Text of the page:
The Asian Cricket Council and UNICEF have renewed their international partnership for children. The new agreement continues to promote Girls Education in South Asia and the right of all children to enjoy healthy recreation, and will also now support the Global Campaign on HIV/AIDS "Unite For Children, Unite Against AIDS".

Virender Sehwag at a
UNICEF event during the
2005 Afro-Asia Cup

UNICEF Regional Office for South Asia and the ACC first signed a two year agreement in 2004 ahead of the Asia Cup. The Asian Cricket Council represents 22 cricket boards in Asia and aims to promote and develop the sport in the region. The new partnership runs until 2008.

"UNICEF's partnership with the Asian Cricket Council is very important to us," said Cecilia Lotse, Regional Director for UNICEF Regional Office for South Asia. "Children are often overlooked in the AIDS agenda as well as in the response. There are still also too many children, particularly girls out of school and an uneducated person is more at risk from avoidable diseases including AIDS. In South Asia cricket can help get over vital messages that could save the lives of millions and improve the lives of billions."

An estimated 100,000 children are living with HIV/AIDS in South Asia. Globally AIDS is redefining the very meaning of childhood for millions. The pandemic has deprived children of the care, love and affection of their parents, taken away the chance of education and hope for the future while leaving them more vulnerable to exploitation.

The ACC Chief Executive, Syed Ashraful Huq said, "As a development body for South Asia's most popular sport, the health of the young is of paramount importance to us. Child welfare is an integral part of any successful society and we trust that Asia's success in cricket will be duplicated by the success in UNICEF's vital campaigns. We are proud to play our part in raising awareness of these important causes."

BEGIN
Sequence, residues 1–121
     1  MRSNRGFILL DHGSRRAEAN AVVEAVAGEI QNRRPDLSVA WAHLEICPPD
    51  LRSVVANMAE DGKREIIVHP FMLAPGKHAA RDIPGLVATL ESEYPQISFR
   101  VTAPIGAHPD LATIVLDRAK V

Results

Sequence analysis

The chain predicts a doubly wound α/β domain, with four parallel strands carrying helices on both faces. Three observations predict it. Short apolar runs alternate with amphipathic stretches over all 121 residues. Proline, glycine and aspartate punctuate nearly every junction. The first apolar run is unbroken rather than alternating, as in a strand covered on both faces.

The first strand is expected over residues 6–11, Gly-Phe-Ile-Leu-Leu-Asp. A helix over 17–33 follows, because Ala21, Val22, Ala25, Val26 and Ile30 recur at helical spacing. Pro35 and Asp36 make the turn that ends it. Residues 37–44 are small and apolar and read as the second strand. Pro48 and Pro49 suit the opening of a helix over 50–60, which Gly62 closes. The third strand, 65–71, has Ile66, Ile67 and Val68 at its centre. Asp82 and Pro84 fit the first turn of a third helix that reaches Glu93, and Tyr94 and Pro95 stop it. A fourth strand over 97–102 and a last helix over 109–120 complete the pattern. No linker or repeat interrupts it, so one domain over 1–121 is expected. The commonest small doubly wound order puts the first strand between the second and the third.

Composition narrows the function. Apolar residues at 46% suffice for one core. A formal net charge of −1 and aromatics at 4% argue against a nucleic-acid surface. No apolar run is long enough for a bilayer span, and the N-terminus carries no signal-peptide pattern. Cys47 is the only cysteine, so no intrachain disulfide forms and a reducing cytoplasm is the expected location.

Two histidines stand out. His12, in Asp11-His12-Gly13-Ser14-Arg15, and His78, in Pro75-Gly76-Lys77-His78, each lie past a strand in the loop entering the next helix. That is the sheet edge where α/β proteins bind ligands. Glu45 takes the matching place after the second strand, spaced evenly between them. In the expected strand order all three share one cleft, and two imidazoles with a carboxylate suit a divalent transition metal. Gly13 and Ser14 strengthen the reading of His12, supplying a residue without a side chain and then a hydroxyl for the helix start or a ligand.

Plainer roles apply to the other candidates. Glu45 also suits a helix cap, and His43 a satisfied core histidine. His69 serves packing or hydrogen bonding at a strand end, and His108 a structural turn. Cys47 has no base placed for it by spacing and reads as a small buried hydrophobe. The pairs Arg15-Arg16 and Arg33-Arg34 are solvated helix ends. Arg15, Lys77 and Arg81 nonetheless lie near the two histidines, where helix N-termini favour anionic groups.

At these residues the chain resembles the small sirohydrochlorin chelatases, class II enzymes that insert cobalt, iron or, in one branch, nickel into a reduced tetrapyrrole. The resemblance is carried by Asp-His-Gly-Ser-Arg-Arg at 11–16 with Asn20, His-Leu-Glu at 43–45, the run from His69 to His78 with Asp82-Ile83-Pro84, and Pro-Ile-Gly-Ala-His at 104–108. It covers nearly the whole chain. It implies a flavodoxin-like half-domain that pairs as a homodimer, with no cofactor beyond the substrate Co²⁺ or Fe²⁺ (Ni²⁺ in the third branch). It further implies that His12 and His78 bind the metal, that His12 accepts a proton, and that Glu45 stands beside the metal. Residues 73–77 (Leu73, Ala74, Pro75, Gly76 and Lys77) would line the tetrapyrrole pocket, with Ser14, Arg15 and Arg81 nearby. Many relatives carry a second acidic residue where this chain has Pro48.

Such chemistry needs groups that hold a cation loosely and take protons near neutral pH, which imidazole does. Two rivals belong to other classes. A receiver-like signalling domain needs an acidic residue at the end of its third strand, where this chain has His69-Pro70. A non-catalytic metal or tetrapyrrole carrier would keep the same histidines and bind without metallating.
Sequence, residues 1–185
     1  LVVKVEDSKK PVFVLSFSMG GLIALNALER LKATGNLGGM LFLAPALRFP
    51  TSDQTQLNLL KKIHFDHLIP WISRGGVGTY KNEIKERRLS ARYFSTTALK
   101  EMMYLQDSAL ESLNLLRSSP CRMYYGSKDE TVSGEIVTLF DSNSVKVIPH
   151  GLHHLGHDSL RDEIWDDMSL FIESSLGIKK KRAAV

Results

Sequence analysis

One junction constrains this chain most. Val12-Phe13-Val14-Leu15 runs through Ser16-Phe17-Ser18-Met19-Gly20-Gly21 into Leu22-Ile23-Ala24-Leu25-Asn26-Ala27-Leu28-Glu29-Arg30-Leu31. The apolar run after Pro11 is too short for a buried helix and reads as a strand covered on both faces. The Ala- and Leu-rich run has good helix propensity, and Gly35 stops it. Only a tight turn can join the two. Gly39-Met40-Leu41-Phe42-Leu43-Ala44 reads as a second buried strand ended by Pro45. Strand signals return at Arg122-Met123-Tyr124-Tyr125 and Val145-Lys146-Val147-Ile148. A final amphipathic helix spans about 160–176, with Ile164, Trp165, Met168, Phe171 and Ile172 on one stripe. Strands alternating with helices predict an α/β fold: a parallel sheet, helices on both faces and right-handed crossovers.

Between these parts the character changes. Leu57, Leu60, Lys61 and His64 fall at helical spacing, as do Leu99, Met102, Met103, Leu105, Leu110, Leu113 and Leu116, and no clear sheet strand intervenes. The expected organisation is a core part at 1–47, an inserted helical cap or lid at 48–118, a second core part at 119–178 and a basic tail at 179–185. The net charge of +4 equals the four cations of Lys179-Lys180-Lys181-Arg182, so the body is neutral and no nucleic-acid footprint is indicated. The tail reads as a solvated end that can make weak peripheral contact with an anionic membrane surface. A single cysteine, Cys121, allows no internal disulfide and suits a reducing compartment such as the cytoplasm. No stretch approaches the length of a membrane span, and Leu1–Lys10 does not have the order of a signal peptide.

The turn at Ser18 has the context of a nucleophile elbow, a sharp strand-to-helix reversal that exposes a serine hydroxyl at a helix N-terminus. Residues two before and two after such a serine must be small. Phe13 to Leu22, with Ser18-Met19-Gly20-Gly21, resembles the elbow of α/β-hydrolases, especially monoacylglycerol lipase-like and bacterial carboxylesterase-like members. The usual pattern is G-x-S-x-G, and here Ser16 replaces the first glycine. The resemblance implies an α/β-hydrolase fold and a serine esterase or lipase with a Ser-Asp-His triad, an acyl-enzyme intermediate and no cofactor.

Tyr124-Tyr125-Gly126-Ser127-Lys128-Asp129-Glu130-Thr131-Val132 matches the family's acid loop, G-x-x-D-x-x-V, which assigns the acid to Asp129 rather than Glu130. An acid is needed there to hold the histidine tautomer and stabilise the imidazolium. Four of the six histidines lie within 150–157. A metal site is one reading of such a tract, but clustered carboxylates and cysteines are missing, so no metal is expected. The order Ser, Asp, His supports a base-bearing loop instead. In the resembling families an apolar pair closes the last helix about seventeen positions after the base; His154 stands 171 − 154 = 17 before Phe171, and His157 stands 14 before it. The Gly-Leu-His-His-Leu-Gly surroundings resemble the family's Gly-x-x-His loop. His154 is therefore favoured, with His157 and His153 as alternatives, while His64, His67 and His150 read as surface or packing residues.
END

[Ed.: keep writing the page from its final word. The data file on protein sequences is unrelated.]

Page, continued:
Launched in New York on October 25 2005, Unite For Children, Unite Against Aids is a global partnership campaign that is putting children back on the AIDS agenda. Its main aims are to ensure childhood treatment, protection, while working to prevent infection in young people and helping stop mother-to-child transmission.

The agreement between UNICEF and the Asian Cricket Council has led to major events promoting Girls Education in Pakistan, Bangladesh and at the Asia Cricket Cup in 2004. A full 'Meena' film promoting the right of girls to play and go to school featuring the cartoon character and school friends playing cricket against other girls has been produced by the UNICEF regional Office and is the single-most popular animated DVD in the market.

Filed June 28 2006

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